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THE

BRITISH CRITIC,

FOR

JULY, AUGUST, SEPTEMBER, OCTOBER,

NOVEMBER, AND DECEMBER.

MDCCCI.

Χαλεπόν, άνθρωποι όλα, μη διαμαριάνειν εν πολλοίς, τα μεν όλως αγνοήσανίας
τα δε κακώς κρίνουλα, τα δε αμελες εφόν γράψανία. GALBN.

VOLUME XVIII.

London:

PRINTED FOR F. AND C. RIVINGTON,
NO. 62, ST. PAUL'S CHURCH-YARD.

18.1.

PRINTED PI I, RICKABY, PETERBOROUGH COURT,

FLILT STREIT.

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PREFACE.

A

MONG the prospects of Peace, few are more

pleasing to a true critic, than that of seeing literature flourish, the commerce of learning renewed, and security and leisure prepared for those on whom the Muses (mile, or whom inventive Genius qualifies to increase the triumphs of art, or extend the boundaries of knowledge. That hope is now conceded to us, and we trust our future volumes will record as realized, what we at present hail as probable. Yet there are enemies with whom, for the sake of public happiness and tranquillity, British Critics must not make even a moment's truce. These are, the assailants of religion, infidelity and impiety; or the disturbers of the state, faction and disloyalty ; enemies, whose inroads called us from our voluntary studies, to a state of literary warfare; to wield the pen, and shed the ink, which otherwise would have been quietly consumed, in defence of all that we hold sacred in religion, valuable in law, or useful in society. Those enemies, as we cannot hope to drive them from the field, we must always be prepared to combat: happy if we may at least preserve the status quo, prepared for us in church and state, by our honest and judicious ancestors. Dulness, Ignorance, and their companion Impudence, we must also oppofe ; but not so much in the character of enemies with whom we are to contend, as in that of delinquents whom it is our office to punith. Not that infidelity and sedition disdain even these associates; but still, what

a

ever BRIT. CRIT. VOL. XVIII.

èver the main force may be, the parties that are formed of slaves may fafely be encountered with whips instead of swords. In our Prefaces, however, we wage no hostilities; our business here is only to recount and pay honour to our friends.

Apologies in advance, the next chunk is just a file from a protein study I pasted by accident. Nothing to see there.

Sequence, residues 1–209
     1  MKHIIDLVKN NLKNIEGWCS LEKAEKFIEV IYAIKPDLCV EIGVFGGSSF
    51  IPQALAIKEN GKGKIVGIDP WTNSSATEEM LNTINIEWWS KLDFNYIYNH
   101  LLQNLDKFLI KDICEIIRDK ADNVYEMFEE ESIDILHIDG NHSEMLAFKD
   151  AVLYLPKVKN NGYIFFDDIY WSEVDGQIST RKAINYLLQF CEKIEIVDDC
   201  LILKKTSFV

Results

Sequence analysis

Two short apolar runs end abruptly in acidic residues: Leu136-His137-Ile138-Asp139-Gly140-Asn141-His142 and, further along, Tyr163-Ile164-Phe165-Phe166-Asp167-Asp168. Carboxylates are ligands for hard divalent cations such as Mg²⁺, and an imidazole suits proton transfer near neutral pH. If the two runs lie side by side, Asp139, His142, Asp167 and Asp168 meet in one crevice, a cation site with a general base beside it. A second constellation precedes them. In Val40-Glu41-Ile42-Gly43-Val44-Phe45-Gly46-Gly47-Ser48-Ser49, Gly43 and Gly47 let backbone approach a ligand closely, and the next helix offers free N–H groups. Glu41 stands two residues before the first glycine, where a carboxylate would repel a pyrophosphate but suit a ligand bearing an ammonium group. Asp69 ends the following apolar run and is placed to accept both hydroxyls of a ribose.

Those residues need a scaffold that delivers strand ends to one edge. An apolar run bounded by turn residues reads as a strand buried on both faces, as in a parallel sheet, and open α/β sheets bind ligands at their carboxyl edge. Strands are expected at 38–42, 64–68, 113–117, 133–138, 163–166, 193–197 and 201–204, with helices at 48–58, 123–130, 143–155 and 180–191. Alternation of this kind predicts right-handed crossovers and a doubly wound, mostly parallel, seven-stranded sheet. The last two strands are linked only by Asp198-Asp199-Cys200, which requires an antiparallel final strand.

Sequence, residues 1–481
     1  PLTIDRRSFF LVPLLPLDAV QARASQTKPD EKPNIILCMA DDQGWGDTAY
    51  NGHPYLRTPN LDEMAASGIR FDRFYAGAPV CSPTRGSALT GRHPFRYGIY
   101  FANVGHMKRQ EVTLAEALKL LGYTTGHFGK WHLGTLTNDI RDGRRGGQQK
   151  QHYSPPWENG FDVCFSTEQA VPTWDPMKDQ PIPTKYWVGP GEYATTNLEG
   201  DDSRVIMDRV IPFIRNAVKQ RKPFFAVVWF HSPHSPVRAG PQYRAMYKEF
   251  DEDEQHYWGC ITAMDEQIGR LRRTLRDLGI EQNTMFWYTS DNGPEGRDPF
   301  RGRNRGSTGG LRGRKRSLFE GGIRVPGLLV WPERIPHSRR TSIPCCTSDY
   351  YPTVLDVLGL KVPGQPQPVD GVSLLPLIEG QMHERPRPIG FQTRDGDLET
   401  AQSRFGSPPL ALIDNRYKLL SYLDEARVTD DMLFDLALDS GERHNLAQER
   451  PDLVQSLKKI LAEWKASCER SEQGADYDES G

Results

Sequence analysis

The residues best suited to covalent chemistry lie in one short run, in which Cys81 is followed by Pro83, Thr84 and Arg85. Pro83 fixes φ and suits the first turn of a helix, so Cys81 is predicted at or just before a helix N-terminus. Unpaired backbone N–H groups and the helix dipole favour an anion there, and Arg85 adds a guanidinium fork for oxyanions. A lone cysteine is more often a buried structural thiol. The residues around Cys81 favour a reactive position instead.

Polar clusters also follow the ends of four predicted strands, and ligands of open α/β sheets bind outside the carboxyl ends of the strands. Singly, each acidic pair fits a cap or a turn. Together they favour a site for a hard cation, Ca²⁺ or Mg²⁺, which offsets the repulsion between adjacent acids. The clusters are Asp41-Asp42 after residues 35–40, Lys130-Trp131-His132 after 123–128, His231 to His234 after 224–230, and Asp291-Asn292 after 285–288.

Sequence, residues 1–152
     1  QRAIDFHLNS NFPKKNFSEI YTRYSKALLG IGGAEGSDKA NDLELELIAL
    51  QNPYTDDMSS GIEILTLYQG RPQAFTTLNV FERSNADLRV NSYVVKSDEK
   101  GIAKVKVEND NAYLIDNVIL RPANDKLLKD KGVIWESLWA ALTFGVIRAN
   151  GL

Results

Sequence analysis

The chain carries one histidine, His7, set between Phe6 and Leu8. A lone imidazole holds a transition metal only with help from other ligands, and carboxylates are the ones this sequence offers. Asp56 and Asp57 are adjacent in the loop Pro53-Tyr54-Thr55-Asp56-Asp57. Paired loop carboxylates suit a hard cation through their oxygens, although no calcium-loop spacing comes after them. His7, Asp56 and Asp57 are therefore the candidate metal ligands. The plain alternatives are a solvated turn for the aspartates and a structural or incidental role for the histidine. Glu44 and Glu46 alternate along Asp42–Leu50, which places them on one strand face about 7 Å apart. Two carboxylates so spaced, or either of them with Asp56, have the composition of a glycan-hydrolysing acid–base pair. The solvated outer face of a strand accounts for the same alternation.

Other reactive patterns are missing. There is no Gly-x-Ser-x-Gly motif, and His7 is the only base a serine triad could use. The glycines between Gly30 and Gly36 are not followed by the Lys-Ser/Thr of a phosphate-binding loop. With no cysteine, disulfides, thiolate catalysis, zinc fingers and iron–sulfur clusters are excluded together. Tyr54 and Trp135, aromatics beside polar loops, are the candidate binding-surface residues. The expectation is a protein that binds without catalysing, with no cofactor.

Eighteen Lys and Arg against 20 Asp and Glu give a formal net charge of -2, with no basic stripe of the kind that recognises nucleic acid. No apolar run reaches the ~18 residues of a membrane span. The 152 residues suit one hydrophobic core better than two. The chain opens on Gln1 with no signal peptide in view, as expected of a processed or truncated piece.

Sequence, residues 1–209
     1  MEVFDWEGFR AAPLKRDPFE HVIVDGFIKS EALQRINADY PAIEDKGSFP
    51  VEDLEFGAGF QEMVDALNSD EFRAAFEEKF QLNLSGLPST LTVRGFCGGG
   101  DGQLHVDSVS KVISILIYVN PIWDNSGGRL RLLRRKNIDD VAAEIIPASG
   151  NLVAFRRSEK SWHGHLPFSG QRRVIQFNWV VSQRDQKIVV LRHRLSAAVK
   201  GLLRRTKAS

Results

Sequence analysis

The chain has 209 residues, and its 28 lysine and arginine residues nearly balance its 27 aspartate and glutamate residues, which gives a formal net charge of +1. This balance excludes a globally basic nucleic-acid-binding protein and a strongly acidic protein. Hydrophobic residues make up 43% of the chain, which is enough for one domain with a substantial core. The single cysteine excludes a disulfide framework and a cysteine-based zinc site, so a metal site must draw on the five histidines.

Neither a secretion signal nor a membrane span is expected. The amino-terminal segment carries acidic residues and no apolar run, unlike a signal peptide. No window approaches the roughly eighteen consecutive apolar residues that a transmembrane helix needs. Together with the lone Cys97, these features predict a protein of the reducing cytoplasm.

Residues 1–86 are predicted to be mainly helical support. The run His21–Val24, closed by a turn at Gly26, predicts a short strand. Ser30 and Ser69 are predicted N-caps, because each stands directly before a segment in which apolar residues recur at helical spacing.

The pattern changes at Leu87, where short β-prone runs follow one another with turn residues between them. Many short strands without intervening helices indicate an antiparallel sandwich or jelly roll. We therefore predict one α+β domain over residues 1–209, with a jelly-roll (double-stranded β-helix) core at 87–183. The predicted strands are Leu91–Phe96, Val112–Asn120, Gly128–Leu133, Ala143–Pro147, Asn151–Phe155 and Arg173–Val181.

DIVINITY.

pe

Influenced by the importance of the work to theological study, we cannot hesitate to give the first place here to the elaborate Edition and Collation of ihe Septuagint, by Dr. Holmes*, Amidst the shades of difference to be found among the opinions of learned men, concerning the particular uses of this venerable verfion, all who are competent to judge, will pronounce it to be highly valuable; will see with pleafure its advance through the three first books of Mofes, and be ready, doubtless, to assist with patronage the completion of a work fo excellent. The friends of biblical criticism will receive also with culiar satisfaction, a Version of the Prophet Hofea, produced by the labour, and illustrated by the fagacity, of the acute and learned Bishop of Rochestert. Our remarks upon

this work have hitherto been only commenced; but even in the Preface there are instruction and ability enough to stamp its value, and to promise further satisfaction, in proportion to our further research. Such at least are our expectations, and by writers so established, they are not often frustrated. Besides these two works, we have several to mention that are good; though none of equal importance. As an instance of ingenuity, conducted by sound judgment, we praised, and recollect with pleasure, an anonymous Essay on the Plurality of Worldst. It takes up the subject, as connected with the doctrine of Redemption, and tends to remove difficulties by

• No. V. p. 449.

+ No. VI. p. 569.

I No. IV. p.40

which

which many minds have been affected. As it is no longer anonymous to us, we should now perhaps impart our knowledge, were we not restrained by circumstances, temporary indeed, but of peculiar delicacy. Against an inveterate enemy of Chriftianity, Mr. Roberts* has stepped forth with a zeal well suited to the cause. His vindication of our faith, if not so animated as the attack, has sincerity and truth upon its fide; and the weapons of truth are like

the sword Of Michael, from the armoury of God,-which, as our immortal poet feigns, with such propriety,

Was given him temper'd so, that neither keen

Nor folid might relift that edge. To the benefit of the Church, within itself, Dr. Napleron has directed his judicious efforts ; first, in advice to candidates for Holy Orderst; and, latterly, in Advice to a Minister of the Gospelf: a tract, breathing the same spirit with the former, and conducted with equal judgment. For the domestic use of all Christians, Mr. Talbot has drawn up his laborious and instructive Analysis of the Holy Bible ; a book of good arrangement and convenient reference, and calculated to augment, by very easy application, our stores of sacred knowledge. In his Exposition of the Commandments, Dr. Glase has also rendered service to the Christian student. His book, without affecting profundity, is accurate, and adds practical utility to pious knowledge.

From Scotland we received a small volume, which we thought worthy of particular notice; professing to contain A Layman's Account of his Faith and Practices, in the Episcopal Church of that kingdom.

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